I'll off to the wars again:
A peaceful home has no charm for me.
The battlefield no pain
On July 2, 1863, Robert E. Lee's Army of Northern Virginia attacked the Union positions along Cemetery Ridge at Gettysburg in a devastating flanking attack striking northeast over the Emmitsburg Road. General Daniel Sickles's Third Corps had advanced without orders along that road forming a salient in front of the main Union defensive line, and were attacked from three sides by Lee's army. Witnessing the devastation in the valley before Cemetery Ridge, Union General Winfield Scott Hancock began organizing reinforcements to advance and rescue the Third Corps from annihilation.
One of those units was the elite Irish Brigade under Colonel Patrick Kelly. The five veteran regiments of this brigade from New York and Massachusetts consisted of almost all Irish immigrants. Among them was Father William Corby, a Catholic priest. As the brigade formed near the wheat field and prepared to advance into the cauldron of battle that lay ahead, Corby recalled, “At this critical moment, I proposed to give a general absolution to our men, as they had absolutely no chance to practice their religious duties during the past two or three weeks, being constantly on the march.”
Father William Corby
Father Corby stood on a large rock in front of the brigade. Addressing the men, he explained what he was about to do, saying that each one could receive the benefit of the absolution by making a sincere Act of Contrition and firmly resolving to embrace the first opportunity of confessing his sins, urging them to do their duty, and reminding them of the high and sacred nature of their trust as soldiers and the noble object for which they fought. . . . The brigade was standing at “Order arms!” As he closed his address, every man, Catholic and non-Catholic, fell on his knees with his head bowed down. Then, stretching his right hand toward the brigade, Father Corby pronounced the words of the absolution: “Dominus noster Jesus Christus vos absolvat . . .” May our Lord Jesus Christ absolve you; and I by his authority absolve you from every bond of excommunication and interdict, as far as I am able, and you have need. Moreover, I absolve you of your sins, in the name of the Father, and of the Son, and of the Holy Ghost. Amen.”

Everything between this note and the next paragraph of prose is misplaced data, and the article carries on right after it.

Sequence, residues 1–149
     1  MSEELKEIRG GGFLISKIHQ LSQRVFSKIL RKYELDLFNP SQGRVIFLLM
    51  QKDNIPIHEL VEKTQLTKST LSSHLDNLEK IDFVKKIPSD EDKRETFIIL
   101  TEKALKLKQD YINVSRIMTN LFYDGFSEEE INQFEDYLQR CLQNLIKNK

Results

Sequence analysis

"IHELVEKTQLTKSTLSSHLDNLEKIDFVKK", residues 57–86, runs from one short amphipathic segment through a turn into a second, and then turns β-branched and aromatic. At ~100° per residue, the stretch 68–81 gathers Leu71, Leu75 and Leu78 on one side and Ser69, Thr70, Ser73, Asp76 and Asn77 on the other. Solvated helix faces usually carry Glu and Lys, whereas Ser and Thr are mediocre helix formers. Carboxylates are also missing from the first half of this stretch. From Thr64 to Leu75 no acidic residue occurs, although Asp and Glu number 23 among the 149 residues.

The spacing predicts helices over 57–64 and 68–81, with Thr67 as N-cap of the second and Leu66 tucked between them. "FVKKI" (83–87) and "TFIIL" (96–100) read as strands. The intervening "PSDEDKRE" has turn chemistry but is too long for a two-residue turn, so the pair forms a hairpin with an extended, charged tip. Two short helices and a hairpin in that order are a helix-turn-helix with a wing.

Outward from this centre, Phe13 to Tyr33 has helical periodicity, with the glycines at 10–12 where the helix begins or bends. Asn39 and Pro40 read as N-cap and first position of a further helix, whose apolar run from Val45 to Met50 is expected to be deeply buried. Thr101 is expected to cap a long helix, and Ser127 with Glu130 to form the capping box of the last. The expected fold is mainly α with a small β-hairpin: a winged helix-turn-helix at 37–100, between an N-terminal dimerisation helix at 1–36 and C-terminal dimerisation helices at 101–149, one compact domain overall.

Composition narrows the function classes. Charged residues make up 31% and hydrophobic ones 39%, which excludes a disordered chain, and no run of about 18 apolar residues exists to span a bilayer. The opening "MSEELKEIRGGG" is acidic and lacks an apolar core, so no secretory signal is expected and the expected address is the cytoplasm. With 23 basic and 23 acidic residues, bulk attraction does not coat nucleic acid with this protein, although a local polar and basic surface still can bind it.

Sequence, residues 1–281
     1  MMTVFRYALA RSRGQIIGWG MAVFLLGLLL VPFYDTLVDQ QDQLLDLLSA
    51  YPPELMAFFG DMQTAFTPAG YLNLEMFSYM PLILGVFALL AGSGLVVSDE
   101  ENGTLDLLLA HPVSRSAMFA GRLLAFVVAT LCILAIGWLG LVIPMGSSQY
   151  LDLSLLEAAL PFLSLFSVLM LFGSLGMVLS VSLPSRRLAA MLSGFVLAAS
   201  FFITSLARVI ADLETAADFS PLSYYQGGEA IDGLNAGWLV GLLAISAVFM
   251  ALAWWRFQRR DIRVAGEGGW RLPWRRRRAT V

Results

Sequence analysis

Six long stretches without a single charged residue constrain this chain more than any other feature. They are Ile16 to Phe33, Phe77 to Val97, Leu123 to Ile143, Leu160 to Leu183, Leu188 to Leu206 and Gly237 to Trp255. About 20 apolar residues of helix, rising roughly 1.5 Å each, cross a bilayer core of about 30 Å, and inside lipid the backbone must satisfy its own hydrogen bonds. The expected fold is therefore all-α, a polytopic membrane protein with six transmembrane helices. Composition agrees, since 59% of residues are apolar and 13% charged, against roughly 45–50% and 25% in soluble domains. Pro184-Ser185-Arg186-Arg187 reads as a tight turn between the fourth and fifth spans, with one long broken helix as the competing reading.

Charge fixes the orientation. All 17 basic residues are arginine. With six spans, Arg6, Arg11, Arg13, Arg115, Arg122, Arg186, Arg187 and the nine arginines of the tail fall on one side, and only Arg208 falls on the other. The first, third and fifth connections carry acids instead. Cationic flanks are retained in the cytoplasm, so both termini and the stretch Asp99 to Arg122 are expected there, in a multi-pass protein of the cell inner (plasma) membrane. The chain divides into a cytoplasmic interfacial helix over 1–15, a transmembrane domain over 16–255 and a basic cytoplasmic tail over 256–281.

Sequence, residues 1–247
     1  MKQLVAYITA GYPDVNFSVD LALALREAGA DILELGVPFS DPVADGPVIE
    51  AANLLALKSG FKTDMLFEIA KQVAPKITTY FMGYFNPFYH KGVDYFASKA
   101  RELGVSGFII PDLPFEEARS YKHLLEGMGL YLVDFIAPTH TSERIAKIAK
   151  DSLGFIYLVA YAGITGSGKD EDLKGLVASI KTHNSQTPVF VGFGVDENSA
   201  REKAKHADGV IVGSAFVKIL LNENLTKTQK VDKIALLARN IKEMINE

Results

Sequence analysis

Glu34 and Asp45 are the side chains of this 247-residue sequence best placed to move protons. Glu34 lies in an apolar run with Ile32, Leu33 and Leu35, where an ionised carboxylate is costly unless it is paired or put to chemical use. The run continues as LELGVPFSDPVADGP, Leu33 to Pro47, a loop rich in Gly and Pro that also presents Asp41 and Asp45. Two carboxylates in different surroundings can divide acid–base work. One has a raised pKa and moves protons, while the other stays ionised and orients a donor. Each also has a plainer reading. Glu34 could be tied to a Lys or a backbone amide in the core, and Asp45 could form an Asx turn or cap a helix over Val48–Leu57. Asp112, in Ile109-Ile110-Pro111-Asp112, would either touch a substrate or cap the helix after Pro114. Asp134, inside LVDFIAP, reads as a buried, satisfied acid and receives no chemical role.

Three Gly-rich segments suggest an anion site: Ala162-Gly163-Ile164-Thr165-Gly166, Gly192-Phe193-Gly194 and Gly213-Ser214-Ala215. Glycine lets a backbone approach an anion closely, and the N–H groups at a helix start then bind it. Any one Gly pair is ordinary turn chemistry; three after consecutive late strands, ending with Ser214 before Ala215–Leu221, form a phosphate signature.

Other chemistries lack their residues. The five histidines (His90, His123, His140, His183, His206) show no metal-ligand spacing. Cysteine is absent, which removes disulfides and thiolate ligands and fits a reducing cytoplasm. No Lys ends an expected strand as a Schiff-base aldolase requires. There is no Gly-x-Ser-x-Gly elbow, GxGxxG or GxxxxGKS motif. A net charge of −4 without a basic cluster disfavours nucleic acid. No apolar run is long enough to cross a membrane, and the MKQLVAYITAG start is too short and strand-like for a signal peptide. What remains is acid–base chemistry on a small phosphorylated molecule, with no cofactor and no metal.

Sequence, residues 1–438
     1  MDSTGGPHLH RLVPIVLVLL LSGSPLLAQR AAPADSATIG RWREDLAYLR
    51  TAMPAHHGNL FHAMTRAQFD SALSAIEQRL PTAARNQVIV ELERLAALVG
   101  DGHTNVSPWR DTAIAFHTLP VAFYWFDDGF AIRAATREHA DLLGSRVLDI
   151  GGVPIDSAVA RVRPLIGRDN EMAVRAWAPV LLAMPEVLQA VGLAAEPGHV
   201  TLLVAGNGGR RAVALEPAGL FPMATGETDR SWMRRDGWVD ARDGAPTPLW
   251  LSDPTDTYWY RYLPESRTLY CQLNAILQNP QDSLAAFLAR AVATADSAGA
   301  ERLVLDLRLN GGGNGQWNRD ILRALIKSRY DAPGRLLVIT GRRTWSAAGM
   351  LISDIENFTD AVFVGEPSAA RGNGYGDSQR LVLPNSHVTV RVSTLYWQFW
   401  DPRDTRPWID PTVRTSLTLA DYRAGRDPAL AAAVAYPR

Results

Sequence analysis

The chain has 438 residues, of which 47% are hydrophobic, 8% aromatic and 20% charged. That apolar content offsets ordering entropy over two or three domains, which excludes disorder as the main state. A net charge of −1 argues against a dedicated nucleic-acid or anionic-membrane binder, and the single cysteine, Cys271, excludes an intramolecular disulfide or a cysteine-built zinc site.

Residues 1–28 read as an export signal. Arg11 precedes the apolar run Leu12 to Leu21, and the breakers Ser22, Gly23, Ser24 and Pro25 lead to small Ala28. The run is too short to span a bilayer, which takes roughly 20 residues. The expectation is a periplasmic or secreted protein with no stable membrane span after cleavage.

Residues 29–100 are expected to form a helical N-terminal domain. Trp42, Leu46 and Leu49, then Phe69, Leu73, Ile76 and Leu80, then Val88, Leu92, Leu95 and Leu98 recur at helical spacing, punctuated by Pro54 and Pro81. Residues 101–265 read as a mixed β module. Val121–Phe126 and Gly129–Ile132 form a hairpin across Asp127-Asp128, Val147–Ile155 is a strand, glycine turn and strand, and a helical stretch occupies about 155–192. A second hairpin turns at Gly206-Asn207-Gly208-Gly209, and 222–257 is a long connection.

Absolution Under Fire by Paul Wood, c. 1891. Print credit: Snite Museum of Art.
In performing this ceremony I faced the army. My eye covered thousands of officers and men. I noticed that all, Catholic and non-Catholic, officers and private soldiers showed a profound respect, wishing at this fatal crisis to receive every benefit of divine grace that could be imparted through the instrumentality of the Church ministry. Even Major General Hancock removed his hat, and, as far as compatible with the situation, bowed in reverential devotion. That general absolution was intended for all—in quantum possum— not only for our brigade, but for all, North or South, who were susceptible of it and who were about to appear before their Judge. -- Father William Corby
The Irish Brigade, with the rest of the 1st Division, advanced into the battle moments later and stopped the Confederate attack by nightfall. Of the 530 men of the Irish Brigade, 200 were killed, wounded, or missing by the day’s end. William Corby survived the war and went on to serve two terms as president of the University of Notre Dame. The school’s Corby Hall is named for him. There is a statue dedicated to Corby at Gettysburg memorializing his general absolution to the Irish Brigade on the second day of the battle. He also wrote Memoirs of Chaplain Life: Three Years with the Irish Brigade in the Army of the Potomac. He passed away in 1897.
Memorial to Father William Corby on Cemetery Ridge at Gettysburg. Photo credit: The Gettysburg Daily
Look for my new book on Gettysburg for teens this June from Sky Pony Press: Gettysburg: The True Account of Two Young Heroes in the Greatest Battle of the Civil War. It can be per-ordered at Amazon, BN.com and Indiebound.